Former Number 10 communications chief Andy Coulson has been detained on suspicion of perjury during the Tommy Sheridan trial at the High Court in Glasgow.
A Strathclyde Police spokesperson said on Wednesday the ex-News of the World editor had been detained by their officers at 6:30am. He arrived at a Glasgow police station on Wednesday afternoon.
Officers now have 12 hours to question Coulson.
"Officers from the Strathclyde police Operation Rubicon team detained a 44-year-old male in London this morning under section 14 of the criminal procedures Scotland Act on suspicion of committing perjury before the High Court in Glasgow. It's inappropriate to comment further at this point in time," police said in a statement this morning.
Operation Rubicon is the Scottish investigation into phone hacking.
Sheridan has claimed the detainment of Coulson is the first step in the "journey towards the quashing of my conviction."
The development relates to evidence Coulson gave to the Tommy Sheridan trial in December 2010, STV news reported.
Former Scottish Socialist Party leader Tommy Sheridan was convicted of committing perjury in December 2010, following the politician suing the News of the World for defamation in 2006.
Operation Rubicon detectives have been looking at whether certain witnesses lied to the court during Sheridan's trial as part of a "full" investigation into phone hacking in Scotland.
Coulson, then employed by Downing Street as director of communications, told the trial in December 2010 he had no knowledge of illegal activities by reporters while he was editor of the News of the World. He also claimed: "I don't accept there was a culture of phone hacking at the News of the World."
Coulson was arrested last year in relation to Scotland Yard's long-running investigation into phone-hacking at the News of the World.
He was held in July on suspicion of conspiring to intercept communications and corruption and had his bail extended earlier this month.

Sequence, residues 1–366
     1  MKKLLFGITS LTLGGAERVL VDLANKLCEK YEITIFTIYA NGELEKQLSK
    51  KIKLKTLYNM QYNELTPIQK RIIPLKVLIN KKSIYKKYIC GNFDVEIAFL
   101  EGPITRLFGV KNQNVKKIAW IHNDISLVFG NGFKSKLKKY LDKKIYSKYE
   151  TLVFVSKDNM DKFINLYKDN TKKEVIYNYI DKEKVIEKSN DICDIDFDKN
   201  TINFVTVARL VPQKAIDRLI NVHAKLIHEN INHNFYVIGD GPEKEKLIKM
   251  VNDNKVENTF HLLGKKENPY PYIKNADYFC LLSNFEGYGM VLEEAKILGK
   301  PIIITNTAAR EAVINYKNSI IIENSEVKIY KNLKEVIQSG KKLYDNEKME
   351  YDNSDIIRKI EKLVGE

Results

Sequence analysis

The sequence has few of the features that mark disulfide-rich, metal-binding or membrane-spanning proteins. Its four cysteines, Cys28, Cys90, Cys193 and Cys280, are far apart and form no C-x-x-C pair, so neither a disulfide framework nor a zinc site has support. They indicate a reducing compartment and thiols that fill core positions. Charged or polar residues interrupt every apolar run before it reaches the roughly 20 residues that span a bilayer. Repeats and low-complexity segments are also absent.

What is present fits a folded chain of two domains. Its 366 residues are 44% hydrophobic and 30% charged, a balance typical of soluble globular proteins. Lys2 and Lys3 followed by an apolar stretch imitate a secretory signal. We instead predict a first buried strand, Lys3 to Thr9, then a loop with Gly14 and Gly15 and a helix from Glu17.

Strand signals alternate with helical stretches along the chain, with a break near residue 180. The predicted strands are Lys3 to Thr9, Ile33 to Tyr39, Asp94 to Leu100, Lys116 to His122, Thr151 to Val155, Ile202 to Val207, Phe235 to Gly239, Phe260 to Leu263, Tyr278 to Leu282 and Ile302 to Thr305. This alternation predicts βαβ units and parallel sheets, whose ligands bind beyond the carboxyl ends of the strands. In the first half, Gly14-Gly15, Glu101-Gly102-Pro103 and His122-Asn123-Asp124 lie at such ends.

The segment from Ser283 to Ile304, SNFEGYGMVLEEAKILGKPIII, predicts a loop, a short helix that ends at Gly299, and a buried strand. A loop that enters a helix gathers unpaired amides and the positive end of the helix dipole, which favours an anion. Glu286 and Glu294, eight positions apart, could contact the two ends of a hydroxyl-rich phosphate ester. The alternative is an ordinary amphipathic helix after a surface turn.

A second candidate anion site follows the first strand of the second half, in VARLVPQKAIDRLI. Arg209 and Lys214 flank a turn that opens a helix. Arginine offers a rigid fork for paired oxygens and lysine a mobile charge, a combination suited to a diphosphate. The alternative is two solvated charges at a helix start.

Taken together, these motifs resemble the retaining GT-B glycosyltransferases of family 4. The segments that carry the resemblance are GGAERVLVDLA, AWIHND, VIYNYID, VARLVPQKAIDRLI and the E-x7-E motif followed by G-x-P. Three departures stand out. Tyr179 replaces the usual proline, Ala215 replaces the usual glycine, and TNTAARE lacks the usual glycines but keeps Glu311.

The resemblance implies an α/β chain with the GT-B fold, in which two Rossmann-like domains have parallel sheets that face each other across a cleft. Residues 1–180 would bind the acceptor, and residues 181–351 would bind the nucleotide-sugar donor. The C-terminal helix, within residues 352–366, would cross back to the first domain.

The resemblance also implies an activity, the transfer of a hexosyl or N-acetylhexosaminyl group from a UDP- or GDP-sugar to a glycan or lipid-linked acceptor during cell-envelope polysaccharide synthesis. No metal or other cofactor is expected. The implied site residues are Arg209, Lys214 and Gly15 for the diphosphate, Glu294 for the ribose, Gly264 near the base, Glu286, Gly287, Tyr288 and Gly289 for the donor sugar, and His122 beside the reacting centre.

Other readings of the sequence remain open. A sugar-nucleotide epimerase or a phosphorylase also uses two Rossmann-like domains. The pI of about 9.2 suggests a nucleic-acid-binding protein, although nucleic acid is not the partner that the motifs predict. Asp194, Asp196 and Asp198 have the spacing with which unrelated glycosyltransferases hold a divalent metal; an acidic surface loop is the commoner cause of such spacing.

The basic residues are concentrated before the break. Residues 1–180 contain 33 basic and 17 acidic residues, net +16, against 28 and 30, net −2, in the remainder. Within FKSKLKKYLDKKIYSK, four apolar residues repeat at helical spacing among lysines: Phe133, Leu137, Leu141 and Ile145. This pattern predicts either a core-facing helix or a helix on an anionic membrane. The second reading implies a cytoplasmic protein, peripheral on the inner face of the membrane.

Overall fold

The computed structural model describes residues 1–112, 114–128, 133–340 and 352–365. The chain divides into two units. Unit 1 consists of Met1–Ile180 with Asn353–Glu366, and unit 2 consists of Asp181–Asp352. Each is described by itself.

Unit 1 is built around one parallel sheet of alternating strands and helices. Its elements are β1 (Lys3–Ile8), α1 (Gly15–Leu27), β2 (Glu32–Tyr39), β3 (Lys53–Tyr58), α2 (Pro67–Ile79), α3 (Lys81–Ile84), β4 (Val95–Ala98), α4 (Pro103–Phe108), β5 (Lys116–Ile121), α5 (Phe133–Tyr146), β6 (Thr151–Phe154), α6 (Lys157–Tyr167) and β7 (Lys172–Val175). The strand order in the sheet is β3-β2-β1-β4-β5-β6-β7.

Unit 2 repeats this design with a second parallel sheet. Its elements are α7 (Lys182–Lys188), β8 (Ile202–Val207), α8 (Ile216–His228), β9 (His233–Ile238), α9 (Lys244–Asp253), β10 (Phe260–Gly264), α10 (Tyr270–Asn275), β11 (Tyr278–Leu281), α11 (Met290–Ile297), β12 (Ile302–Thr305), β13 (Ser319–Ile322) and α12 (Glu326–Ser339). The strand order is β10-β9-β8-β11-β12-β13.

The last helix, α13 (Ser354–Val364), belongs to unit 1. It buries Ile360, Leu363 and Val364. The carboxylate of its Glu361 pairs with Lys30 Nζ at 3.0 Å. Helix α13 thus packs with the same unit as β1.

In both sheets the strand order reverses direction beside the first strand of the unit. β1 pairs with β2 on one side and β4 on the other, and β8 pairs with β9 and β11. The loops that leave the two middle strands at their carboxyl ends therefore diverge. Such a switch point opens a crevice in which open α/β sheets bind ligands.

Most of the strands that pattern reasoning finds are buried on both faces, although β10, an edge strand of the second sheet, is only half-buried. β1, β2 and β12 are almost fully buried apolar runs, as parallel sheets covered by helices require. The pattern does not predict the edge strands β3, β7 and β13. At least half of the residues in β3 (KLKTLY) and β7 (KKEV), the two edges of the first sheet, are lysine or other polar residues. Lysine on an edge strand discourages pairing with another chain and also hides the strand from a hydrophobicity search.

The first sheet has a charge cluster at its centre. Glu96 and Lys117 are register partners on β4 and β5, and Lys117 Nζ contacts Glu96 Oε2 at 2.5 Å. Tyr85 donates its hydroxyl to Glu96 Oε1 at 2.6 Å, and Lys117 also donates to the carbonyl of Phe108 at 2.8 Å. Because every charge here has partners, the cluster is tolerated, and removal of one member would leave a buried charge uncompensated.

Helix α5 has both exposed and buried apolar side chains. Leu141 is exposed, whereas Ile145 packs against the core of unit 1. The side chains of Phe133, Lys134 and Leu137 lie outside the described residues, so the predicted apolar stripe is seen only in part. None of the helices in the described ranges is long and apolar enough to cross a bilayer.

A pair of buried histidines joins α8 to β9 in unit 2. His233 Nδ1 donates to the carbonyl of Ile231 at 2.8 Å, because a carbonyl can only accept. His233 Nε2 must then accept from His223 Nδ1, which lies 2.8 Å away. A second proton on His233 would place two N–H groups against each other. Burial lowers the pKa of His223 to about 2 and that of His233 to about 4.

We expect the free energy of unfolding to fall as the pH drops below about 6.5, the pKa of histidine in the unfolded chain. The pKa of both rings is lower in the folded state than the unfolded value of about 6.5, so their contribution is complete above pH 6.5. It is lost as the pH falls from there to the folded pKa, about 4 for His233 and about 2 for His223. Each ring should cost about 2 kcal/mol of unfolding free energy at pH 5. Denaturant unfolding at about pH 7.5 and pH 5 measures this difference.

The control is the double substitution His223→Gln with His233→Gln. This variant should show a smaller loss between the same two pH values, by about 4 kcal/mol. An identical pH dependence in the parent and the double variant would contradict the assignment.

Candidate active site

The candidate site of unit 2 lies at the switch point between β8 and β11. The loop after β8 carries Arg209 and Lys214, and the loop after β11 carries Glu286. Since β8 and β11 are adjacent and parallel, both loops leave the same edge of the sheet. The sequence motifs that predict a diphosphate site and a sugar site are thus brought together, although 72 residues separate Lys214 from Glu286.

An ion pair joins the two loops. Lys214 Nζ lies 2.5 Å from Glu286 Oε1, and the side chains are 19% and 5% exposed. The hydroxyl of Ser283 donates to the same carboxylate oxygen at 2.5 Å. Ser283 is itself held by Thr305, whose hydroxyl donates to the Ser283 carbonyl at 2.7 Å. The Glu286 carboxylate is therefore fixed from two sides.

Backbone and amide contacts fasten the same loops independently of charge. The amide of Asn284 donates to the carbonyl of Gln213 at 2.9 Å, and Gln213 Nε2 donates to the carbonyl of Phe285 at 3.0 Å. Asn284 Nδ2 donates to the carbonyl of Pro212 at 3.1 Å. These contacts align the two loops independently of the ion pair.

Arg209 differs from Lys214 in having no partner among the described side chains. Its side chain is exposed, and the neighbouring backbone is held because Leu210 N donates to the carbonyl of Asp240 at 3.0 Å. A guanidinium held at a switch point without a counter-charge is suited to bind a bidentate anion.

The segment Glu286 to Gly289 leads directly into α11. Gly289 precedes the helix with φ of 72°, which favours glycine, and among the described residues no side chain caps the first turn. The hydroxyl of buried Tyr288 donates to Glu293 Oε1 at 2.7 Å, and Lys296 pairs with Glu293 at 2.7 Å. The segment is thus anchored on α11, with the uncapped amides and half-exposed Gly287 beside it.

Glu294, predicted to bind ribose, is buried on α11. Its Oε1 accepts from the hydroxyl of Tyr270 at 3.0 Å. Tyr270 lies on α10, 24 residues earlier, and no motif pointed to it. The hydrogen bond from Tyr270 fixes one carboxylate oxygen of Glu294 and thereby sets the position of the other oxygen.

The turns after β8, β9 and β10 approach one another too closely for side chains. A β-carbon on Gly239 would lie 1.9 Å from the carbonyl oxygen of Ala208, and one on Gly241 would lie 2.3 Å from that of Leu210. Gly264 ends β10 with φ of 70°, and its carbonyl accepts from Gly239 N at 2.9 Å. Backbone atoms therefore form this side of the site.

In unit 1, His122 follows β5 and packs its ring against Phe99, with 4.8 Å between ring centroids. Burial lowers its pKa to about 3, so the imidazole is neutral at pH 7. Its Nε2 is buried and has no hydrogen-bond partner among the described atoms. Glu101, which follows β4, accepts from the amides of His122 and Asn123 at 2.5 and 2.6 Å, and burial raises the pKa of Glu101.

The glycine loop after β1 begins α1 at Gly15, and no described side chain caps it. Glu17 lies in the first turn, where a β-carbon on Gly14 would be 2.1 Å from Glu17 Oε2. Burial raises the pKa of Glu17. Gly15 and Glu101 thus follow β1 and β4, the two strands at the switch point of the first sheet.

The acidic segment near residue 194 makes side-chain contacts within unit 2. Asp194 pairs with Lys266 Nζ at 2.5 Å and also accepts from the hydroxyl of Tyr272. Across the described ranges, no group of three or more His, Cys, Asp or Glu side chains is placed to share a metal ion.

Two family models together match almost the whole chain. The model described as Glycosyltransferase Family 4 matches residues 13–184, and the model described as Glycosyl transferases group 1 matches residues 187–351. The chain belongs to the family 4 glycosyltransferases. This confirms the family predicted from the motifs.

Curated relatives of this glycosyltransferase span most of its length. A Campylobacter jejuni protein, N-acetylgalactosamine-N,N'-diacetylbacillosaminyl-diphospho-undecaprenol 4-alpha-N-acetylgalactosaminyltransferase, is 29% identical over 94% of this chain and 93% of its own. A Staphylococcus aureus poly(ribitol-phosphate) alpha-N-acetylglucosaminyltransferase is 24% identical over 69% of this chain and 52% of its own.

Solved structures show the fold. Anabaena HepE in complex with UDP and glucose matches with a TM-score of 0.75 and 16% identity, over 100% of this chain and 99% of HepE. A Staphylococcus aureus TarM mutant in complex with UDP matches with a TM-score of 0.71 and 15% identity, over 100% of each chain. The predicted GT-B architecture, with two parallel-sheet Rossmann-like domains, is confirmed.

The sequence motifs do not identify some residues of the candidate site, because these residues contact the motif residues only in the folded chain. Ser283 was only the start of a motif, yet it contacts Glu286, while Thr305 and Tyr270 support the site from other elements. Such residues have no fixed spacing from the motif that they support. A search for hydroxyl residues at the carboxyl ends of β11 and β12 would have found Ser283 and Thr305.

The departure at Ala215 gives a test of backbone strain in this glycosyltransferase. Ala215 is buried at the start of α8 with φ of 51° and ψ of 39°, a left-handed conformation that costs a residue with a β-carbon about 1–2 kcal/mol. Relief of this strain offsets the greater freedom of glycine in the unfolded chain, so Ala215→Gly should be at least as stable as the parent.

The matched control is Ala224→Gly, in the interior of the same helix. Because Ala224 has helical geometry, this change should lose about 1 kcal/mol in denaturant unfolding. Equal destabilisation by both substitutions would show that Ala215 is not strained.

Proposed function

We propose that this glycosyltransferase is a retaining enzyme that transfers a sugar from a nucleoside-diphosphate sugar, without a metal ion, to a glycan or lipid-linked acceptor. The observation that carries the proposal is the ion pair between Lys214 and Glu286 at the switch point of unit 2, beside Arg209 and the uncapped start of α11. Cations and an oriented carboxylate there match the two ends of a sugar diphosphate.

Coulson resigned as editor of the News of the World in 2007 after the paper's former royal editor Clive Goodman and private investigator Glenn Mulcaire were jailed for phone hacking.
Only months later, in May that year, he was unveiled as director of communications and planning with the Conservative Party.
He quit his role as Downing Street communications chief in January last year after admitting the News of the World phone-hacking row was making his job impossible.
Sheridan's trial, which lasted almost 12 weeks, was one of the longest of its kind in Scottish legal history.
The former Scottish Socialist Party (SSP) leader represented himself after parting company with QC Maggie Scott.
He was convicted of five out of six allegations in a single charge of perjury relating to his evidence during the civil action at the Court of Session in Edinburgh.
Reacting to the news in a statement on Wednesday Sheridan said: "I am limited in what I can say given that we now have a very live investigation.
"We were led to believe by Mr Coulson and his acolytes at News International during my trial and the initial phone-hacking investigations that the problem was a rogue reporter. It's the equivalent of a bad apple in the barrel.
"Well, I think we all know now that there is no bad apple in the barrel, what there is is a rotten orchard full of bad apples.
"Fortunately, given the hard work of Operation Rubicon, we now have a start to what will hopefully become criminal charges and hopefully Mr Coulson won't be lonely but he will be joined by colleagues in the future.
"I firmly believe that today marks the first in the journey towards the quashing of my conviction, which was unsafe and unsound."
Calling for an urgent review of the Sheridan conviction, MP Tom Watson said: "Tommy Sheridan was convicted on an 8-6 verdict of a jury in a Scottish court.
"Mr Sheridan lost his liberty and is still the subject of restrictions on his movement.
"The detention of Andy Coulson further highlights why Mr Sheridan's conviction was unsound.
"It is now abundantly clear that members of the jury were not in full possession of the facts.
"If they knew what the police now know, it seems impossible not to conclude that Mr Sheridan would be a free man.
"His conviction should be urgently reviewed.
"If the First Minister had any honour, he would launch an immediate inquiry into illicit information techniques practised by News International's employees in Scotland."
The maximum sentence for perjury in Scotland is life however it is normally between 3-5 years.
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